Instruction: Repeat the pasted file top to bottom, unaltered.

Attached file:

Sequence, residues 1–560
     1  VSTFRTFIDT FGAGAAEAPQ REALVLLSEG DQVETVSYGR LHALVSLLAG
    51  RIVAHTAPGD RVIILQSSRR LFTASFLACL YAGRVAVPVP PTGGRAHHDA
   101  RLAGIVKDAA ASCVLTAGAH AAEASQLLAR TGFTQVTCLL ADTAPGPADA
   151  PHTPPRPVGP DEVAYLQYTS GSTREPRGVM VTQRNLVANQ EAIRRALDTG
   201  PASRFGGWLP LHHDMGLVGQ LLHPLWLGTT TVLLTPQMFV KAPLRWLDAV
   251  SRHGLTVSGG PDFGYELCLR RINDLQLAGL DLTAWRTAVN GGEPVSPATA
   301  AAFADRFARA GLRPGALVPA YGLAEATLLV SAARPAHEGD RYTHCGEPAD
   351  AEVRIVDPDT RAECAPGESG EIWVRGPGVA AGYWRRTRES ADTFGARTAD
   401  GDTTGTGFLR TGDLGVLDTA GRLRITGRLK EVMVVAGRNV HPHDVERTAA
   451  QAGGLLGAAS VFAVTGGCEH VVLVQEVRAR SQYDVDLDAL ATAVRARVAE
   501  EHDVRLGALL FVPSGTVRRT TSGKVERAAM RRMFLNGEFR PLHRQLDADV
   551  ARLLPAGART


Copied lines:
Sequence, residues 1–560
     1  VSTFRTFIDT FGAGAAEAPQ REALVLLSEG DQVETVSYGR LHALVSLLAG
    51  RIVAHTAPGD RVIILQSSRR LFTASFLACL YAGRVAVPVP PTGGRAHHDA
   101  RLAGIVKDAA ASCVLTAGAH AAEASQLLAR TGFTQVTCLL ADTAPGPADA
   151  PHTPPRPVGP DEVAYLQYTS GSTREPRGVM VTQRNLVANQ EAIRRALDTG
   201  PASRFGGWLP LHHDMGLVGQ LLHPLWLGTT TVLLTPQMFV KAPLRWLDAV
   251  SRHGLTVSGG PDFGYELCLR RINDLQLAGL DLTAWRTAVN GGEPVSPATA
   301  AAFADRFARA GLRPGALVPA YGLAEATLLV SAARPAHEGD RYTHCGEPAD
   351  AEVRIVDPDT RAECAPGESG EIWVRGPGVA AGYWRRTRES ADTFGARTAD
   401  GDTTGTGFLR TGDLGVLDTA GRLRITGRLK EVMVVAGRNV HPHDVERTAA
   451  QAGGLLGAAS VFAVTGGCEH VVLVQEVRAR SQYDVDLDAL ATAVRARVAE
   501  EHDVRLGALL FVPSGTVRRT TSGKVERAAM RRMFLNGEFR PLHRQLDADV
   551  ARLLPAGART